Some Members of the Dollars & Sense Collective
Arpita Banerjee received her doctorate in economics from the University of New Hampshire, where she studied the impact of globalization on the informal sector, both rural and urban, agricultural and non-agricultural, particularly in South Asia. She currently resides in Kolkata, India. She joined the D&S collective in May 2008.
John Miller is a professor of economics at Wheaton College. He has been a visiting professor at the University of California and has served as an Economic Consultant to the Southeast Asia Office of Oxfam America. In 1995 he was awarded a J. William Fulbright Scholarship and spent the year as the Southeast Asia Regional Research Scholar of the Council for International Exchange of Scholars. John is co-author of Which Way to Grow? Poverty and Prosperity in Southeast Asia. He has written numerous articles for D&S and has also contributed to publications like the Guardian and the Review of Radical Political Economics. His areas of interest include the Federal Reserve, unemployment, tax policy, and macroeconomic and budget issues. In addition to editing Real World Macro, John has written numerous articles for D&S including: What's Good for Wal-Mart..., Taxing Wealth Swedish Style, Outing Alan Greenspan, Free, Free at Last and Dollar Anxiety.
Smriti Rao joined the D&S collective in March 2007; she teaches economics at Assumption College in Worcester, Mass. Her feature article, West Bengal’s Right Turn, on economic and political changes in West Bengal, appeared in our March/April 2008 issue.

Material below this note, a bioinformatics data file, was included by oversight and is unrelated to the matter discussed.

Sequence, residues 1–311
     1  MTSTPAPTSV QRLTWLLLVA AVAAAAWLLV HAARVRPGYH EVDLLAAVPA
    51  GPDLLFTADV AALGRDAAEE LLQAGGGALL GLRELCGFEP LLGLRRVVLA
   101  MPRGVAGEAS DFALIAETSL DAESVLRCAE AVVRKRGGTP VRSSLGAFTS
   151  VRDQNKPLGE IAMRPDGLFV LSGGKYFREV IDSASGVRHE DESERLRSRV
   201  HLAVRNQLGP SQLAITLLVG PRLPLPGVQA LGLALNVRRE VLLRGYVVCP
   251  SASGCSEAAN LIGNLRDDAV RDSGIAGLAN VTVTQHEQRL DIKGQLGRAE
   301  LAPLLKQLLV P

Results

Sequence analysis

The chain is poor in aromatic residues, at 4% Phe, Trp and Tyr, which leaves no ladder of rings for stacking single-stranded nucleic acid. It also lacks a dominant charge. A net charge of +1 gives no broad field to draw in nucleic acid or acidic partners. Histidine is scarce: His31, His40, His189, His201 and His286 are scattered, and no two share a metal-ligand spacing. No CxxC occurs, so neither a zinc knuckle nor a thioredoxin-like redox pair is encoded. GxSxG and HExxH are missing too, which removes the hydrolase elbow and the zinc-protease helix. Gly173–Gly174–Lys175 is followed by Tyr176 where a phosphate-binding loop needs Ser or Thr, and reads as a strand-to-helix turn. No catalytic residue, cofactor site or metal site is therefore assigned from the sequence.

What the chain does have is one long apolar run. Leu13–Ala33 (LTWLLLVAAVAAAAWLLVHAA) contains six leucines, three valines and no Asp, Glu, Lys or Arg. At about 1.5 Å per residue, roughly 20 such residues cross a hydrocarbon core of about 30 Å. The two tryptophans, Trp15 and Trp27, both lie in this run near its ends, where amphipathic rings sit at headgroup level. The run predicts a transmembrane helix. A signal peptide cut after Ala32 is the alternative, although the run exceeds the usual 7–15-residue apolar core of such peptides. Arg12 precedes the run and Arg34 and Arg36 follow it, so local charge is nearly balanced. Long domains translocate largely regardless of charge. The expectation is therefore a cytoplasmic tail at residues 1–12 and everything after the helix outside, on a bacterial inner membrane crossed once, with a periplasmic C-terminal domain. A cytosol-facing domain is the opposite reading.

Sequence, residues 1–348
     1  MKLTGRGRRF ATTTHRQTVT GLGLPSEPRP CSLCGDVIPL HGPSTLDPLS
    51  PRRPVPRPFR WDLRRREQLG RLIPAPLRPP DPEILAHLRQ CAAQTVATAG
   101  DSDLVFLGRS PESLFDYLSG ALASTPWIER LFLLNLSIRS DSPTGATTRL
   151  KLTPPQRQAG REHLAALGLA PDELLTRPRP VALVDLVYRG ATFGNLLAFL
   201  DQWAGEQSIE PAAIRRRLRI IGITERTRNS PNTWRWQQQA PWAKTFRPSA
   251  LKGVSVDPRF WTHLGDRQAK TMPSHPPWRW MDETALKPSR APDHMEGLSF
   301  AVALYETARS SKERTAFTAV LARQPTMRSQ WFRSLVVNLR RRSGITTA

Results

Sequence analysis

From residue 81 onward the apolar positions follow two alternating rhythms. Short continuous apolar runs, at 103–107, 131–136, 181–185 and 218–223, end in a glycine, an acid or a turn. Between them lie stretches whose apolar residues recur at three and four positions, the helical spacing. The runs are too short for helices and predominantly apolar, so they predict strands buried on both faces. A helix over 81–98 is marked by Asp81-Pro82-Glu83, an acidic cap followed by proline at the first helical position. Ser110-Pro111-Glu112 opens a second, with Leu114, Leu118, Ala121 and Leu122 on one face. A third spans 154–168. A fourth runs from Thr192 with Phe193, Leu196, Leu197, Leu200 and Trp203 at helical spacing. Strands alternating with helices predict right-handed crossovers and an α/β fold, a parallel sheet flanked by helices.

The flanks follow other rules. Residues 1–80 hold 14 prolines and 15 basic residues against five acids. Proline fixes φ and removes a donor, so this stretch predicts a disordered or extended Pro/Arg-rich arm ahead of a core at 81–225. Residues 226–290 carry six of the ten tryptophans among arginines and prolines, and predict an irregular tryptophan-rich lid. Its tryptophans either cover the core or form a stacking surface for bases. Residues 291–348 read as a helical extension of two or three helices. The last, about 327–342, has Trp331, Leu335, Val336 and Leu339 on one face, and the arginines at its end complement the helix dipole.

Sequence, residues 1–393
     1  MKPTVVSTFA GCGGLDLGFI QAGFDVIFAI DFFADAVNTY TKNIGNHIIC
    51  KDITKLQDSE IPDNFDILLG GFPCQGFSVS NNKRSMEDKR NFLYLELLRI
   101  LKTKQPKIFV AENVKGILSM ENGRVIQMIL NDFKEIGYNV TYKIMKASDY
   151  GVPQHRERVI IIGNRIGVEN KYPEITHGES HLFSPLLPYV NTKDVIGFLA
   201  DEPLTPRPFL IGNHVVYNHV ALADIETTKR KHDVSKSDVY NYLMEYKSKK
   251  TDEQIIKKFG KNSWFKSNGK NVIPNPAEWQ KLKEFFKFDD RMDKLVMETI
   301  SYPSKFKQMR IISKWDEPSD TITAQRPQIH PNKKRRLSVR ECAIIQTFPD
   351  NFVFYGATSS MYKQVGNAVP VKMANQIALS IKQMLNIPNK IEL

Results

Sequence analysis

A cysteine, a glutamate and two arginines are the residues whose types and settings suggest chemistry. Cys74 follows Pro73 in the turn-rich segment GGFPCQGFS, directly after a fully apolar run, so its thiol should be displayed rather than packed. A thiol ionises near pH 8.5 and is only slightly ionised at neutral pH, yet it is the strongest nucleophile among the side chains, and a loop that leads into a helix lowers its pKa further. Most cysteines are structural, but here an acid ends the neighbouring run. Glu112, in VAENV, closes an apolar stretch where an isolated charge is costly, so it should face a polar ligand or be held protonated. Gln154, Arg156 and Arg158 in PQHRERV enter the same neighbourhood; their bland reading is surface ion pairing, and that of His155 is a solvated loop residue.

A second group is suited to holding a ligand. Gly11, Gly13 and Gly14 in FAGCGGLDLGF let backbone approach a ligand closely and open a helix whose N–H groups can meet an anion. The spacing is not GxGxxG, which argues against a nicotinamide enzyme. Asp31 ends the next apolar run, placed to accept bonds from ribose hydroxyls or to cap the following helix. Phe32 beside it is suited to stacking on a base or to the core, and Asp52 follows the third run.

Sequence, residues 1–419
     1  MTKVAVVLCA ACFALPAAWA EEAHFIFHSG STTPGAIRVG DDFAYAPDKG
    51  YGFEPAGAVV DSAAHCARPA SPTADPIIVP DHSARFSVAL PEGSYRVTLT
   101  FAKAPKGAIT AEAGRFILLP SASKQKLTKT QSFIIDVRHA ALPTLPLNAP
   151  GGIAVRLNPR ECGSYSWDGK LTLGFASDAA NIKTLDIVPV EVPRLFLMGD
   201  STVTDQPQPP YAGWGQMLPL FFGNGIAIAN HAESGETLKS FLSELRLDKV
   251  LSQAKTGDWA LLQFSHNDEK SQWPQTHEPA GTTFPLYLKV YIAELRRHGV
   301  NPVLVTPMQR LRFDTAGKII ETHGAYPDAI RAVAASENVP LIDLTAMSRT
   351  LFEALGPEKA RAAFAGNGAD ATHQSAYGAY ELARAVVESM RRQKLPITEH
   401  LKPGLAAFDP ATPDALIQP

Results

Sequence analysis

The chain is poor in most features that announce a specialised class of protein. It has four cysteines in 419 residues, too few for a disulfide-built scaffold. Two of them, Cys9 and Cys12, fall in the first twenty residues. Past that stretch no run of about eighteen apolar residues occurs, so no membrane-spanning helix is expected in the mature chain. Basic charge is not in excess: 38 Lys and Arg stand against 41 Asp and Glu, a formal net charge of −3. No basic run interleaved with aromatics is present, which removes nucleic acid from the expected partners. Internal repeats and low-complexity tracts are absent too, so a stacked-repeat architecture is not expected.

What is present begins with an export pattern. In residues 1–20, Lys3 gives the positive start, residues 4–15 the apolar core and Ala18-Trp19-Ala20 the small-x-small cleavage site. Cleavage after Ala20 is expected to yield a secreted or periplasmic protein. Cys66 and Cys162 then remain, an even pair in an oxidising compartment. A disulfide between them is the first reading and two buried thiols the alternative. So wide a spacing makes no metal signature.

Bryan Snyder, a longtime collective member, teaches economics at Bentley University in Waltham, Mass. He helps edit our popular textbooks Real World Macro and Real World Micro.
Jeanne Winner is an activist in the Boston area. She has been active in local organizations devoted to housing, labor, and welfare issues since the early seventies. Her undergraduate degree is in the History of Science. Her articles in D&S include The Social Relations of Health and Disease.
Some Dollars & Sense Associates
Randy Albelda is a professor of economics at the University of Massachusetts-Boston. She has written numerous articles over the years for D&S, including What's Wrong with Welfare to Work and What Welfare Reform Has Wrought. She is also author of numerous books, including Unlevel Playing Fields: Understanding Wage Inequality and Discrimination, Glass Ceilings and Bottomless Pits: Women's Work, Women's Poverty, Economics and Feminism, Mink Coats Don't Trickle Down: The Economic Attack on Women and People of Color and Alternatives to Economic Orthodoxy.